# #SWDchallenge: Graph makeover

At storytelling with data, they run a monthly challenge on data visualization named #SWDchallenge. The main idea of the challenges is to test data visualization and storytelling skills.

Each month the challenge has a different topic. This month the challenge was to improve an existing graph. I decided to take a previous graph of mine that was published on a paper that was published on 2015.

## The "original"

The following is the graph that we are going to start with.

This is not the exact same graph that was presented in the article on 2015, but it serves the purpose of the challenge. The data can be downloaded from here. This graph present the fraction of energy (\(\eta\)) transmitted for helical composites with different geometrical parameters. The parameters varied were:

- Pitch angle \(\alpha\): the angle between consecutive layers;
- Composite thickness \(D\), that is normalized to the wavelength \(\lambda\); and
- Number of layers \(N\) in each cell of the composite.

The following schematic illustrate these parameters.

I would not say that the graph is awful, and, in comparison to what you would
find in most scientific literature it is even good. But … in the land of the
blind, the one-eyed is king. So, let's enumerate what are the *sins* of the
plot and see if we can correct them:

- It has two x axes.
- The legend is enclosed in a box that seems unnecessary.
- Right and top spines are not contributing to the plot.
- Annotations are stealing protagonism from the data.
- It looks clutterd with lines and markers.
- It is a spaghetti graph.

The following snippet generates this graph.

import numpy as np from matplotlib import pyplot as plt from matplotlib import rcParams rcParams['font.family'] = 'serif' rcParams['font.size'] = 16 rcParams['legend.fontsize'] = 15 rcParams['mathtext.fontset'] = 'cm' markers = ['o', '^', 'v', 's', '<', '>', 'd', '*', 'x', 'D', '+', 'H'] data = np.loadtxt("Energy_vs_D.csv", skiprows=1, delimiter=",") labels = np.loadtxt("Energy_vs_D.csv", skiprows=0, delimiter=",", usecols=range(1, 9)) labels = labels[0, :] fig = plt.figure() ax = plt.subplot(111) for cont in range(8): plt.plot(data[:, 0], data[:, cont + 1], marker=markers[cont], label=r"$D/\lambda={:.3g}$".format(labels[cont])) # First x-axis xticks, xlabels = plt.xticks() plt.xlabel(r"Number of layers - $N$", size=15) plt.ylabel(r"Fraction of Energy - $\eta$", size=15) ax.legend(loc='center left', bbox_to_anchor=(1, 0.5)) # Second x-axis ax2 = ax.twiny() ax2.set_xticks(xticks[2:]) ax2.set_xticklabels(180./xticks[2:]) plt.xlabel(r"Angle - $\alpha\ (^\circ)$", size=15) plt.tight_layout() plt.savefig("energy_vs_D_orig.svg") plt.savefig("energy_vs_D_orig.png", dpi=300)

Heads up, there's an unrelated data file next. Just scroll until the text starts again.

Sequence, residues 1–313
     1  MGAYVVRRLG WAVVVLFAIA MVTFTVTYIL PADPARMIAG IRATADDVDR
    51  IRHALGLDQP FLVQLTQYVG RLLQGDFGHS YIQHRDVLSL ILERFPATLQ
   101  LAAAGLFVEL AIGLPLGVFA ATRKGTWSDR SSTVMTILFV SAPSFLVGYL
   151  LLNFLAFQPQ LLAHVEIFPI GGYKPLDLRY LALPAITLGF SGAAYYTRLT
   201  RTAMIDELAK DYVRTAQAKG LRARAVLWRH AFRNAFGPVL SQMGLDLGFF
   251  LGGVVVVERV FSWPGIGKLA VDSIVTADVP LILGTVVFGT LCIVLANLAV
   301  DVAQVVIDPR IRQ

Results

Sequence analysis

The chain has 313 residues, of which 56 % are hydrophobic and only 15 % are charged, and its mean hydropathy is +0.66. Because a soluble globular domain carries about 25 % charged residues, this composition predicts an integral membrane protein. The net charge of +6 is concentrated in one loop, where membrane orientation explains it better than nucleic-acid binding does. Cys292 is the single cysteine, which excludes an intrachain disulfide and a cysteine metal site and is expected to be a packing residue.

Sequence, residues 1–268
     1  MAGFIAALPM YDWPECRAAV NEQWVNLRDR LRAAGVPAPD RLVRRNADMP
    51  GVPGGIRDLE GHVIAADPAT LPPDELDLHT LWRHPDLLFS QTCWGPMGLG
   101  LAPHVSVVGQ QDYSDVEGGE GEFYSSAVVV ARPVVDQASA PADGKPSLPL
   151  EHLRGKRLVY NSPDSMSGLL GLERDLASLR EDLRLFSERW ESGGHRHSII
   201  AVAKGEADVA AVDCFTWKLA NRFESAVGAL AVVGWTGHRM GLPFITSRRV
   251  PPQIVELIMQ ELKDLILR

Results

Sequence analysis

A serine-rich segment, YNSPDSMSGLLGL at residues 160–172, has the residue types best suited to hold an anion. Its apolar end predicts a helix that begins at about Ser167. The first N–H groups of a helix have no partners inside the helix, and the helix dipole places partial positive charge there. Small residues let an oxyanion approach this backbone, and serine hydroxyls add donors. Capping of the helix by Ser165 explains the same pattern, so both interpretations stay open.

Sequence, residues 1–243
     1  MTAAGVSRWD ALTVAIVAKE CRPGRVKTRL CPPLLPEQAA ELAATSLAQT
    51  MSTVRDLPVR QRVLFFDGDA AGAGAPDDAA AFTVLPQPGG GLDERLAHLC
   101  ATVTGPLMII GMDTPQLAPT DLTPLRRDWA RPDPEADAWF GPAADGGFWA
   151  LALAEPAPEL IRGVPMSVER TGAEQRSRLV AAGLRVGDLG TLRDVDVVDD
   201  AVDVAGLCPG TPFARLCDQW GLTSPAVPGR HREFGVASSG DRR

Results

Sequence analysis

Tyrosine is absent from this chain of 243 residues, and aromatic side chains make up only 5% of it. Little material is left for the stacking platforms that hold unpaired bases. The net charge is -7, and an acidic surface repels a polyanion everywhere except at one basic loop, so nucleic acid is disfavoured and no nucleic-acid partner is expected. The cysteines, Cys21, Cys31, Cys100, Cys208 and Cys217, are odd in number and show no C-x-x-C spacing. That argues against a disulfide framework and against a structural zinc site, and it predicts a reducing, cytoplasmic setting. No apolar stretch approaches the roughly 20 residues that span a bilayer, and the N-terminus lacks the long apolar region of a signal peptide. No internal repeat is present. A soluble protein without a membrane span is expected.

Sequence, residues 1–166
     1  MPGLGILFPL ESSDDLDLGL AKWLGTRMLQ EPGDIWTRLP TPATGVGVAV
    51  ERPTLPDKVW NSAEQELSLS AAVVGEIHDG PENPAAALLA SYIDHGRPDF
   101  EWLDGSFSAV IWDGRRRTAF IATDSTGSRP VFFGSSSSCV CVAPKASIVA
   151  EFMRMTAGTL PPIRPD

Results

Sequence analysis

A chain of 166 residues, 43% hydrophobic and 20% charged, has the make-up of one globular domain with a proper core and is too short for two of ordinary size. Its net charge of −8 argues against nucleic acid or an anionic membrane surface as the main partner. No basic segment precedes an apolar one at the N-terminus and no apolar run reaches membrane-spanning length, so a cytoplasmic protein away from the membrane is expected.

## Corrections

I will vindicate the graph one *sin* at a time, let's see how it turns out.

### It has two x axes

I, originally, added two axes to show both the number of layers and the angle between them at the same time. The general recommendation is to avoid this, so let's get rid of the top one.

### Legend in a box

Pretty straightforward …

### Right and top spines

Let's remove them

### Annotations are stealing protagonism

Let's move all the annotations to the background by changing the color to a lighter gray.

### Clutterd with lines and markers

Let's just keep the lines.

And increase the linewidth.

### It is a spaghetti graph

I think that a good option for this graph would be to highlight one line at a time. Doing this, we end up with.

The following snippet generates this version.

import numpy as np from matplotlib import pyplot as plt from matplotlib import rcParams # Plots setup gray = '#757575' plt.rcParams["mathtext.fontset"] = "cm" plt.rcParams["text.color"] = gray plt.rcParams["xtick.color"] = gray plt.rcParams["ytick.color"] = gray plt.rcParams["axes.labelcolor"] = gray plt.rcParams["axes.edgecolor"] = gray plt.rcParams["axes.spines.right"] = False plt.rcParams["axes.spines.top"] = False rcParams['font.family'] = 'serif' rcParams['mathtext.fontset'] = 'cm' def line_plots(data, highlight_line, title): plt.title(title) for cont, datum in enumerate(data[:, 1:].T): if cont == highlight_line: plt.plot(data[:, 0], datum, zorder=3, color="#984ea3", linewidth=2) else: plt.plot(data[:, 0], datum, zorder=2, color=gray, linewidth=1, alpha=0.5) data = np.loadtxt("Energy_vs_D.csv", skiprows=1, delimiter=",") labels = np.loadtxt("Energy_vs_D.csv", skiprows=0, delimiter=",", usecols=range(1, 9)) labels = labels[0, :] plt.close("all") plt.figure(figsize=(8, 4)) for cont in range(8): ax = plt.subplot(2, 4, cont + 1) title = r"$D/\lambda={:.3g}$".format(labels[cont]) line_plots(data, cont, title) plt.ylim(0.4, 1.0) if cont < 4: plt.xlabel("") ax.xaxis.set_ticks([]) ax.spines["bottom"].set_color("none") else: plt.xlabel(r"Number of layers - $N$") if cont % 4 > 0: ax.yaxis.set_ticks([]) ax.spines["left"].set_color("none") else: plt.ylabel(r"Fraction of Energy - $\eta$") plt.tight_layout() plt.savefig("energy_vs_D_7.svg") plt.savefig("energy_vs_D_7.png", dpi=300)

## Final tweaks

Using Inkscape I added some final details to get the following version.

## Further reading

- Knaflic, Cole Nussbaumer. Storytelling with data: A data visualization guide for business professionals. John Wiley & Sons, 2015.
- Nicolás Guarín-Zapata et al. "Shear wave filtering in naturally-occurring Bouligand structures." Acta biomaterialia 23 (2015): 11-20. Preprint: https://arxiv.org/pdf/1505.04203.pdf